More Details on Hudson Square Rezoning Decision
On Wednesday the City Planning Commission voted to approve the proposed Hudson Square Rezoning with some minor modifications, sending it to the City Council. The Council now has fifty days to hold a public hearing and make a final decision as to whether or not the rezoning will be approved, denied, or modified.
While GVSHP has not been shy about noting our deep concerns about the proposed rezoning’s impact upon the adjacent proposed South Village Historic District and the need to ensure that the South Village is landmarked if the rezoning is approved (or to simply not approve the rezoning), there are certainly other aspects of the rezoning proposal City Planning approved which deserve examination as well.
The City Planning Commission (CPC) reduced slightly the maximum allowable height for new buildings on avenues from the 320 feet originally proposed to 290 feet, the same height Borough President Stringer recommended. GVSHP has called for 210 foot height limits on major avenues. Why 210 feet? Because by far the majority of the early 20th century loft buildings which characterize much of Hudson Square are no more than 200 feet tall, and because other zoning districts in the city which allow buildings of a similar density to those proposed here have successfully used a 210 foot height limit. Why a 290 foot height limit is needed here is a mystery, except to possibly allow developers to accumulate air rights and build higher and larger than normally allowed.
The CPC made another change to the rezoning supported by both Borough President Stringer and Community Board #2 — they eliminated “Subdistrict B” from the rezoning proposal, a four block area around Watts and Dominick Streets that had originally called for 125 foot height limits and bulk limits just over half of what is being proposed for the rest of the rezoning area. By eliminating the subdistrict, City Planning brought the height limits for these blocks up to the same proposed for the rest of the district (290 on wide streets, 185 feet on side streets), and the bulk limits were equalized as well. While GVSHP is generally supportive of lower height and bulk limits, part of the argument against this subdistrict was that it was almost entirely occupied by small property owners who would have much greater restrictions on their properties than Trinity Realty, who was proposing the rezoning, and who owned little or no property within Subdistrict B (they own close to 50% of the property in the remainder of the proposed district). GVSHP proposed instead that height and bulk limits should be brought down somewhat for EVERYONE, rather than just small property owners.
Speaking of making it easier for larger development to take place in Hudson Square, City Planning also added a mechanism to the rezoning proposal to allow developments on side streets, where the current height limits are 185 feet, to go even higher. GVSHP opposed this mechanism.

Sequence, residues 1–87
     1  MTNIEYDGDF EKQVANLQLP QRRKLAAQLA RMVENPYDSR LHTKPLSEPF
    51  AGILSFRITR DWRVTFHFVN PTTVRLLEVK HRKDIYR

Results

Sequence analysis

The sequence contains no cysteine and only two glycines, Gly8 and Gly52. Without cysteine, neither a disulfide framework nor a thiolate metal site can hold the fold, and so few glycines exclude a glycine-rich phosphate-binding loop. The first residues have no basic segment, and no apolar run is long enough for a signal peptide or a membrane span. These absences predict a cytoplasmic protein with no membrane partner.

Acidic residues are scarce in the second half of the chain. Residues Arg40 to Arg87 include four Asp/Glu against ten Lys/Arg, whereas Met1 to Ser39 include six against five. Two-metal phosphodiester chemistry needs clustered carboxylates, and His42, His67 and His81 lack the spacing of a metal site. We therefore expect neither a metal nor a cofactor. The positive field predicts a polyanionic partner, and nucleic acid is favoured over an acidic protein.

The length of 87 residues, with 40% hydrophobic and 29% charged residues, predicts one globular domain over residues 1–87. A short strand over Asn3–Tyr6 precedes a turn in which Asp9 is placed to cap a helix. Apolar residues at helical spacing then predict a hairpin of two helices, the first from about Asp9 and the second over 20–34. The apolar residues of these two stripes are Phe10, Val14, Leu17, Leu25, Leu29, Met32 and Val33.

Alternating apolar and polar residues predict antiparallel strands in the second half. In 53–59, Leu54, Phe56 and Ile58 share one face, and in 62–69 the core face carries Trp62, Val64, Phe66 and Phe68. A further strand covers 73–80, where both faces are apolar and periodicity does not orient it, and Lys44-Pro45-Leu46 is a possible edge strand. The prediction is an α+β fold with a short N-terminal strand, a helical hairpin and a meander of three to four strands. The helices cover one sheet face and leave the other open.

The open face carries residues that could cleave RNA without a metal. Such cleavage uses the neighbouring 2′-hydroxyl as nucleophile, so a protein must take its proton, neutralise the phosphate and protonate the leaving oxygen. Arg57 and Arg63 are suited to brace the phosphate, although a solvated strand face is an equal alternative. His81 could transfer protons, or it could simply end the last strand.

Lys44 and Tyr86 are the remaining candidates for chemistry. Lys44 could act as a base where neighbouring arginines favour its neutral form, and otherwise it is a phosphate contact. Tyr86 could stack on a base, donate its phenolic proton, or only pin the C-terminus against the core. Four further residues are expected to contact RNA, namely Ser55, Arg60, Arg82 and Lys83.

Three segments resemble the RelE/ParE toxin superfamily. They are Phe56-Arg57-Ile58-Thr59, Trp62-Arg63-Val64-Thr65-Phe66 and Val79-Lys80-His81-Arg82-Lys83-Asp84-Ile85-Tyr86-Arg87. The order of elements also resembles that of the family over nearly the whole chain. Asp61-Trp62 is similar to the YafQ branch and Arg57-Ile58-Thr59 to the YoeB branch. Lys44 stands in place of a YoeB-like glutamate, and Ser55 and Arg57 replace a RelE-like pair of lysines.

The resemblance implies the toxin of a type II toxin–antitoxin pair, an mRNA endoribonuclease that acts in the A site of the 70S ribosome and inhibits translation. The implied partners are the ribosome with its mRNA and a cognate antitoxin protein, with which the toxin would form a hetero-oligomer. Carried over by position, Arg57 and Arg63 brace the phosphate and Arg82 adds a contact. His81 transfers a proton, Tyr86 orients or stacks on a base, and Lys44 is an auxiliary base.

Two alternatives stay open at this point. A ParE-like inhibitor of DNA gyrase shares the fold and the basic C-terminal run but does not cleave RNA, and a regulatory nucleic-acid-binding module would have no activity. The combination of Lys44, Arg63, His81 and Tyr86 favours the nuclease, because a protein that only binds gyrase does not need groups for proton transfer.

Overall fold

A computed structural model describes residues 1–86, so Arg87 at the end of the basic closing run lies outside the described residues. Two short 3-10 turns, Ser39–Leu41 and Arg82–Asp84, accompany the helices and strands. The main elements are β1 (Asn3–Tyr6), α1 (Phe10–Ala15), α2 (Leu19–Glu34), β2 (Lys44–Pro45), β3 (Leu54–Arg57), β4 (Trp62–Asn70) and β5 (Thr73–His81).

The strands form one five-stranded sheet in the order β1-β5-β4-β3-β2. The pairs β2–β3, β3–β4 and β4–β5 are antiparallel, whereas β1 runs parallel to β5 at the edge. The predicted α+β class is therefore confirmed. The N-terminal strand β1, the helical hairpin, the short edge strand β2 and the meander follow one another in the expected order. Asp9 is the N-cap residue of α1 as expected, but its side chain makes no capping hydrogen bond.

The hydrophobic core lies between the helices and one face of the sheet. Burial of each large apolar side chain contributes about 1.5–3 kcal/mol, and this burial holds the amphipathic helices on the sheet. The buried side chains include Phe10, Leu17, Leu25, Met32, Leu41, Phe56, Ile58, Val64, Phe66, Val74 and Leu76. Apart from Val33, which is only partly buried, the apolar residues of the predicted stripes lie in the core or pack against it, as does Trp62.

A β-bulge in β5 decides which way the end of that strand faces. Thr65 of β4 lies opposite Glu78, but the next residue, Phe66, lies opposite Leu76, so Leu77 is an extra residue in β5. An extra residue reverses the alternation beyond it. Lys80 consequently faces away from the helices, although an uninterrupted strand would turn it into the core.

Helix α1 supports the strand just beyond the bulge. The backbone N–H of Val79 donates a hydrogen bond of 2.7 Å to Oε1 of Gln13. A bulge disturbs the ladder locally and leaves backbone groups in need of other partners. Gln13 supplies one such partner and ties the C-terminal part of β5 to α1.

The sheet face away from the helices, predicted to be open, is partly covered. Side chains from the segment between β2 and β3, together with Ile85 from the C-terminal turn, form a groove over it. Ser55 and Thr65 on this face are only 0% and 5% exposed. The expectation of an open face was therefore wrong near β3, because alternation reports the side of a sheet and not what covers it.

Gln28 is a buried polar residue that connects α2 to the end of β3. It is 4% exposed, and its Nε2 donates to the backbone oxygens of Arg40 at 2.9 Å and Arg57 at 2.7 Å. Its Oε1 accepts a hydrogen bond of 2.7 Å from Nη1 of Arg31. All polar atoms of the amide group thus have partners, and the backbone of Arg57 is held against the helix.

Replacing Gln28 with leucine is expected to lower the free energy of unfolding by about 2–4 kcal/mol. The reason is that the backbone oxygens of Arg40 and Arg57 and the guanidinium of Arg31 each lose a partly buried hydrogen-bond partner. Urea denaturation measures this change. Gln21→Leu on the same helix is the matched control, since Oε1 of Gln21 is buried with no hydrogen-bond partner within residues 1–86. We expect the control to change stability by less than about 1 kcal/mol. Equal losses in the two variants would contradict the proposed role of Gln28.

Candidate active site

Where City Planning did not change the proposed rezoning is in its proposed bulk limits — meaning the actual number of square feet once can develop on any site. This bears some relation to the height limits, but they are not identical — you can have a very massive building with many square feet of space which is large and squat but not very tall, and you can have a very tall structure which is very skinny and therefore has many fewer square feet.
The rezoning plan currently grants developers 12 times as many square feet to develop as the square footage of the site they build upon (this is known as floor area ratio, or FAR). If you acquire air rights, the development can be even larger.
12 FAR means that if you build on 100% of your property straight up without setbacks and with no space within the building which does not count towards floor area (such as various kinds of mechanical spaces or parking spaces), you would get a 12 story building. But this virtually never happens (in most cases, including the proposed rezoning, you are forbidden from building upon 100% of your property straight up), and thus a 12 FAR building is more likely at least 18 stories and can easily be (depending upon the massing of the building, and if air rights are acquired) 25 stories or much, much more. 12 FAR is the density allowed for new development in many parts of Midtown Manhattan and, GVSHP feels, too great for Hudson Square.
GVSHP has instead called for a maximum FAR of 9, or 25% less than what is currently proposed. This, along with the reduction in the height limits we have recommended, would not only help keep new development more harmonious and in keeping with the existing built fabric of the Hudson Square neighborhood, but help reduce the strain and negative impact new development would have upon resources and infrastructure in the area, and contribute less to the already overwhelming traffic problems in the area.
In spite of their namesake mandate, City Planning was not moved by this argument. Borough President and the Community Board also did not include such a change in their recommendations.
The final decision on all of these matters will be made by the City Council, most especially by City Council Speaker Quinn, who represents the area in question (the Council almost always defers to the local Councilmember on land use issues such as these — especially when the local member also happens to be the Speaker).
The City Council’s one public hearing on the matter before they vote is tentatively scheduled for Tuesday, February 12 in the 16th floor hearing room at 250 Broadway. This is subject to change and the time has not yet been announced; check www.gvshp.org for updates or sign up for our e-mail list to receive an alert as to when the hearing has been set. You can also write Speaker Quinn about this or call her office at 212-564-7757.